Preparing for the Next War
My first article for The New Individualist, “Preparing for the Next War,” has finally gone online. It was written in February and published in the April issue, which hit the streets in late March.
Here’s the intro:
“Perhaps there is no great point in recalling all the tragic and idiotic blunders, all the false optimism, all the unrealism of the first phases of the war, but it is not possible to appreciate fully the heroism of the Security Forces unless the stupidities of some of those in command are remembered.”
The quotation above is from an April 1960 editorial in the Straight Times, reflecting back on a successful British-led campaign against the Malayan insurgency. Astute readers will see no small similarity with the yet-unfinished business in Iraq. It should be noted that winning in Malaya took twelve years. Our most recent adventure in Iraq will have barely passed the four-year mark by the time you read this.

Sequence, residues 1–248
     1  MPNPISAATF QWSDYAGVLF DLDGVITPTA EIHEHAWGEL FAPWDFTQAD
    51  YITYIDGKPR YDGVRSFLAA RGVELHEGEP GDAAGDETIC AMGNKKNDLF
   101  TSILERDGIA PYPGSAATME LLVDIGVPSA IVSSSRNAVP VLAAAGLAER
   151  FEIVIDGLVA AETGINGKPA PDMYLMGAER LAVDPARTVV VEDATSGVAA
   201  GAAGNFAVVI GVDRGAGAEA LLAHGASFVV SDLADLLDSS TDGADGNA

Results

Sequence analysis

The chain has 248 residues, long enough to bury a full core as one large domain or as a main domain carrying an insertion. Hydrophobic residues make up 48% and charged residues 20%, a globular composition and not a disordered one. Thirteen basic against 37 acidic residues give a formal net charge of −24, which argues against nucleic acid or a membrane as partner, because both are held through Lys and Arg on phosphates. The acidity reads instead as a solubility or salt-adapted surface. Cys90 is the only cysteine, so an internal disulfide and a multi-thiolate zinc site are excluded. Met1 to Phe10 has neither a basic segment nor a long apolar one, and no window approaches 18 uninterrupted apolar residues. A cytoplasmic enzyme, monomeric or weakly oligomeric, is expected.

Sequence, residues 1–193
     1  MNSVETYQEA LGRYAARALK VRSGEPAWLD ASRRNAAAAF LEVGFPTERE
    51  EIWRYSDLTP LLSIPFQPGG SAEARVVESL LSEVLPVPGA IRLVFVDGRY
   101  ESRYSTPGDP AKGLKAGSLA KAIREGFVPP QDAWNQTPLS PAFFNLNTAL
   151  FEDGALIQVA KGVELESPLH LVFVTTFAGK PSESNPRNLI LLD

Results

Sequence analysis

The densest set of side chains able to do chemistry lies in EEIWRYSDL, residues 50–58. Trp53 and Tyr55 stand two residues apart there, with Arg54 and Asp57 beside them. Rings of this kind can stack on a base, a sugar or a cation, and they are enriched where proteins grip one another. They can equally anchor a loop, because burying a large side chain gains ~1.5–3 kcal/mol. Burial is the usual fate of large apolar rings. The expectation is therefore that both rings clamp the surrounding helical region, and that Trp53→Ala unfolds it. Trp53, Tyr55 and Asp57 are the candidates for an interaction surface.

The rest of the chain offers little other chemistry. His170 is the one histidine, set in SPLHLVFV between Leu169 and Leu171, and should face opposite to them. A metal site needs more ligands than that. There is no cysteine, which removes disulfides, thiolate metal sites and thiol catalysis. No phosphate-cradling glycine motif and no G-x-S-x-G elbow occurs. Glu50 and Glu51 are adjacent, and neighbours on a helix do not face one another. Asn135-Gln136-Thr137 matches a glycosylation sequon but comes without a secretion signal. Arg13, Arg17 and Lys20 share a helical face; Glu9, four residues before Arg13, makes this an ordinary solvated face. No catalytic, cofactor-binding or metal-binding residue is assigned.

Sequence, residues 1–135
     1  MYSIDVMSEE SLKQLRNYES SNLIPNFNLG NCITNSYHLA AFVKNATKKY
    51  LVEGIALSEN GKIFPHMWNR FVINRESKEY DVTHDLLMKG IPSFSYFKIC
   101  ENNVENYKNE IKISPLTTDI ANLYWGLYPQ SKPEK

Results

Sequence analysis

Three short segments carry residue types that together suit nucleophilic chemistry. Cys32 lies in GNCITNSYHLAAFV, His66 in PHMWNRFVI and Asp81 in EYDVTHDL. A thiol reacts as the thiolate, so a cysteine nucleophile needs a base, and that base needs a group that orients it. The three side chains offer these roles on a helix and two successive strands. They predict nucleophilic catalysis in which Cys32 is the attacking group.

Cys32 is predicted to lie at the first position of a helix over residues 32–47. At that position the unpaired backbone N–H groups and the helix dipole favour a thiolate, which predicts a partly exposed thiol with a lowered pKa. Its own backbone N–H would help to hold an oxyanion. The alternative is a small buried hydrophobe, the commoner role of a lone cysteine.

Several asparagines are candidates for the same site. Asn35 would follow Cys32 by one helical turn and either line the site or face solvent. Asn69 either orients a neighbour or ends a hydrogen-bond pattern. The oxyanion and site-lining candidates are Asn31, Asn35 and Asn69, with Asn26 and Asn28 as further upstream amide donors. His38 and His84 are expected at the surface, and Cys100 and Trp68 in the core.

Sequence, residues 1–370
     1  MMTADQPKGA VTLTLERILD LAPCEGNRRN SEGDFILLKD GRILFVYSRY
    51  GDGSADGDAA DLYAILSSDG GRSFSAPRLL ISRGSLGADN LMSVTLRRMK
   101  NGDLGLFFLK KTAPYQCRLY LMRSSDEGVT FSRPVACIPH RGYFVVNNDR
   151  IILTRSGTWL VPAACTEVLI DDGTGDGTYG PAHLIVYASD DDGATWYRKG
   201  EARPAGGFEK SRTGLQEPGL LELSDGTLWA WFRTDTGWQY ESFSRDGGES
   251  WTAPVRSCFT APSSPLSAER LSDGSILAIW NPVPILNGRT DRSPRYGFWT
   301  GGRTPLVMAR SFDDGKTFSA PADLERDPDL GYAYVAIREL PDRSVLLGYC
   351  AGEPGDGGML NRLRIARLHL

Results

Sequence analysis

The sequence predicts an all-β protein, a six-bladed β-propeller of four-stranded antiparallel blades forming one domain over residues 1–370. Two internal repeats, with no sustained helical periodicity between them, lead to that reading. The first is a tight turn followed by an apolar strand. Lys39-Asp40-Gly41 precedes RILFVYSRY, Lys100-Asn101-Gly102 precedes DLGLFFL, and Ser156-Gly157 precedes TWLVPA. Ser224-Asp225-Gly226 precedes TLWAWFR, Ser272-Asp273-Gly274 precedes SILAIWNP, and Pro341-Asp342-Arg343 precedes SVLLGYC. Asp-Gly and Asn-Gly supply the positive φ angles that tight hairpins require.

As Genghis Khan observed some eight hundred-odd years ago, “Conquering a country while mounted is easy, dismounting and building a nation is difficult.” There have been amazing advances in the art of war since then, but that remains just as true today. Wondering why we fail to turn the world’s most disconnected and impoverished societies into “instant democracies” is, as the strategist Thomas Barnett puts it, “like wondering why the oncologist lets so many of his patients die.”
Read the rest at the link. Feel free to comment below.
Many thanks to Robert James Bidinotto for commissioning the piece and for his valuable editorial insights.